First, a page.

“We were given cyanide capsules… we were to place under our tongues. If things looked bad, we were to swallow them.” — OSS veteran David Kenney
by Randy Angel
The road traveled by David Kenney has had more turns in it than his original desire of becoming a bus driver when he was a 6-year-old boy growing up in Wyoming in 1931.
Now 94 years old, Kenney was recognized on April 17 for his service in World War II when he was honored with a replica of the Office of Strategic Services (OSS) Congressional Gold Medal at his residence at The Canterbury in Rancho Palos Verdes.
The award was given, collectively, to the men and women who comprised America’s first spy agency for their superior service and major contributions during World War II.
Kenney grew up on a ranch in Encampment, a rural village high in the Rocky Mountains in southern Wyoming. He was drafted after his high school graduation in 1943 and, upon completion of basic training and becoming a Radio Operator High Speed 777, he became one of the youngest recruits for the OSS at the age of 19.
“I saw a notice on the Battalion bulletin board asking for volunteers for dangerous overseas assignment,” Kenney recalled. “I asked the Captain about the danger and he said he couldn’t tell me anything about it but that I wouldn’t regret it.”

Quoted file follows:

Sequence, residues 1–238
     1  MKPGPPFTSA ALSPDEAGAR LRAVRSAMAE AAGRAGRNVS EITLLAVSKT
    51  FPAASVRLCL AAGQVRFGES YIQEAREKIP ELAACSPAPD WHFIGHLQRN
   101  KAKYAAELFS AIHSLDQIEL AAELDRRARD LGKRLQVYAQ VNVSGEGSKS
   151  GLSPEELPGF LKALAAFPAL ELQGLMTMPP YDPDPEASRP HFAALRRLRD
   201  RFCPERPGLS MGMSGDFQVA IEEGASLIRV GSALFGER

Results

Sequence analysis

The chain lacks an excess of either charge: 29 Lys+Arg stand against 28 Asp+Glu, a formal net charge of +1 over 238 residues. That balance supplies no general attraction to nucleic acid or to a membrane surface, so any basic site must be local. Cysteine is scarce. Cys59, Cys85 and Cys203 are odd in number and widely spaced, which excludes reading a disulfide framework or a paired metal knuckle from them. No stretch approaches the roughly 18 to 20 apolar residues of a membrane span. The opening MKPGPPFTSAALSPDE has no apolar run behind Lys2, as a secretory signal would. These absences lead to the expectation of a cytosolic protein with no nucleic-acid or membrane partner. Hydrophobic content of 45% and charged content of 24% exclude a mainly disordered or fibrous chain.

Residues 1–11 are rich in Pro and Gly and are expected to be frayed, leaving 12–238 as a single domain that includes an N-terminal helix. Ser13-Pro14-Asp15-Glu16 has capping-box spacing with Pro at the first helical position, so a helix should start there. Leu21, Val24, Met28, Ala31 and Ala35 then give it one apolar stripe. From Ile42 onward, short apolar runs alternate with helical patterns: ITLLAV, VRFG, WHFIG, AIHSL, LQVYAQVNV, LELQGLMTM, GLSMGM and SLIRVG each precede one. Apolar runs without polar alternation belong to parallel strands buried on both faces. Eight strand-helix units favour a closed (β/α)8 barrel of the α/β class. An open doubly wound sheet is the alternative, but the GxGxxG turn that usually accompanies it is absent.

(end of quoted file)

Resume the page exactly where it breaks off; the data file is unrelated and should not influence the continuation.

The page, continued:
Kenney signed up for the project and went to Washington D.C. where he met up with the other members of the all-volunteer group. They were then sent to a former youth camp in Virginia for additional training.
The members of the OSS were volunteers from every branch of the military as well as civilian scientists and scholars. Years before her notoriety as a famous chef, Julia Child served as a file clerk for Gen. Donovan.
Although the OSS involved daring feats and rescues behind enemy lines, much of the OSS work was not as newsworthy but just as necessary. They invented new weapons and technology. They studied aerial photographs to track enemy movements. They translated intercepted messages.
Kenney’s job included spending long and tedious hours monitoring enemy radio transmissions. His first assignment was as a radio operator in Hurley, 40 miles west of London. Hurley is a small village and large, rural civil parish in Berkshire, England.
“I worked the night shift and listened as three-man teams relayed information about troop movements and various resistance groups,” Kenney said. “We were given cyanide capsules that, in case of us being captured, we were to place it under our tongues. If things looked bad, we were to swallow them.”
Kenney spent three months in England before returning to the states. He then spent eight months in Hunan Province, a mountainous province in southern China.
“We used different frequencies because the Japanese were always trying to intercept our transmissions. They were a brave bunch,” Kenney acknowledged. “We were all on duty when the atom bomb was dropped. We’d listen to Tokyo Rose on the radio.”
Kenney’s duties for the OSS were over and he was dismissed on Christmas Eve of 1945.